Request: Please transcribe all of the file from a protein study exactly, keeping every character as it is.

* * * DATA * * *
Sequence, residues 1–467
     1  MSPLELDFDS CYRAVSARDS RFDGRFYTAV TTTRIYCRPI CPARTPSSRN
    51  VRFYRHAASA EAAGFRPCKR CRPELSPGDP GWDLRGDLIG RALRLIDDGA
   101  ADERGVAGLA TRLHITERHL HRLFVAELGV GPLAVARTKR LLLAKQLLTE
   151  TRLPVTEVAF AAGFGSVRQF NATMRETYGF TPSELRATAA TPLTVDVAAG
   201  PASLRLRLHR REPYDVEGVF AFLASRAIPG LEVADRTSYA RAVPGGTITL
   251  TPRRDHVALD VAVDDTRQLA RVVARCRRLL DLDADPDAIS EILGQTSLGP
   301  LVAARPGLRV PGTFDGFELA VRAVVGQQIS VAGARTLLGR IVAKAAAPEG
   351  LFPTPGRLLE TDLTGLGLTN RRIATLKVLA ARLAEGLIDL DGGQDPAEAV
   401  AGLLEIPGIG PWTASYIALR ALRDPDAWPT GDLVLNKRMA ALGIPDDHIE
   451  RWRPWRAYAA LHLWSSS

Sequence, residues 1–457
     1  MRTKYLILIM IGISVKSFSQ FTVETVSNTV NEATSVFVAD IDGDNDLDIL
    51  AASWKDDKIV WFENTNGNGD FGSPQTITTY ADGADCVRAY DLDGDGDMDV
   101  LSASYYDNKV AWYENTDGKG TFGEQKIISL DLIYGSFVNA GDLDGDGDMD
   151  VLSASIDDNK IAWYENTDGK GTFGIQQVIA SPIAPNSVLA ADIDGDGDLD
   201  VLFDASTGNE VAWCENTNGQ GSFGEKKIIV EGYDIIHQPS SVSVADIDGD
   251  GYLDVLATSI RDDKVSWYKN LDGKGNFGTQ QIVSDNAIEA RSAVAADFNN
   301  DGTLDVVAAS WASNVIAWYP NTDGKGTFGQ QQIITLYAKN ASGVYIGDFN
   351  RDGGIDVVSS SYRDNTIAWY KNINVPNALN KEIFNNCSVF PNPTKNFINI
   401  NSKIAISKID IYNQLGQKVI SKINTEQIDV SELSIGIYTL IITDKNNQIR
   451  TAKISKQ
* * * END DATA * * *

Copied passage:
Sequence, residues 1–467
     1  MSPLELDFDS CYRAVSARDS RFDGRFYTAV TTTRIYCRPI CPARTPSSRN
    51  VRFYRHAASA EAAGFRPCKR CRPELSPGDP GWDLRGDLIG RALRLIDDGA
   101  ADERGVAGLA TRLHITERHL HRLFVAELGV GPLAVARTKR LLLAKQLLTE
   151  TRLPVTEVAF AAGFGSVRQF NATMRETYGF TPSELRATAA TPLTVDVAAG
   201  PASLRLRLHR REPYDVEGVF AFLASRAIPG LEVADRTSYA RAVPGGTITL
   251  TPRRDHVALD VAVDDTRQLA RVVARCRRLL DLDADPDAIS EILGQTSLGP
   301  LVAARPGLRV PGTFDGFELA VRAVVGQQIS VAGARTLLGR IVAKAAAPEG
   351  LFPTPGRLLE TDLTGLGLTN RRIATLKVLA ARLAEGLIDL DGGQDPAEAV
   401  AGLLEIPGIG PWTASYIALR ALRDPDAWPT GDLVLNKRMA ALGIPDDHIE
   451  RWRPWRAYAA LHLWSSS

Sequence, residues 1–457
     1  MRTKYLILIM IGISVKSFSQ FTVETVSNTV NEATSVFVAD IDGDNDLDIL
    51  AASWKDDKIV WFENTNGNGD FGSPQTITTY ADGADCVRAY DLDGDGDMDV
   101  LSASYYDNKV AWYENTDGKG TFGEQKIISL DLIYGSFVNA GDLDGDGDMD
   151  VLSASIDDNK IAWYENTDGK GTFGIQQVIA SPIAPNSVLA ADIDGDGDLD
   201  VLFDASTGNE VAWCENTNGQ GSFGEKKIIV EGYDIIHQPS SVSVADIDGD
   251  GYLDVLATSI RDDKVSWYKN LDGKGNFGTQ QIVSDNAIEA RSAVAADFNN
   301  DGTLDVVAAS WASNVIAWYP NTDGKGTFGQ QQIITLYAKN ASGVYIGDFN
   351  RDGGIDVVSS SYRDNTIAWY KNINVPNALN KEIFNNCSVF PNPTKNFINI
   401  NSKIAISKID IYNQLGQKVI SKINTEQIDV SELSIGIYTL IITDKNNQIR
   451  TAKISKQ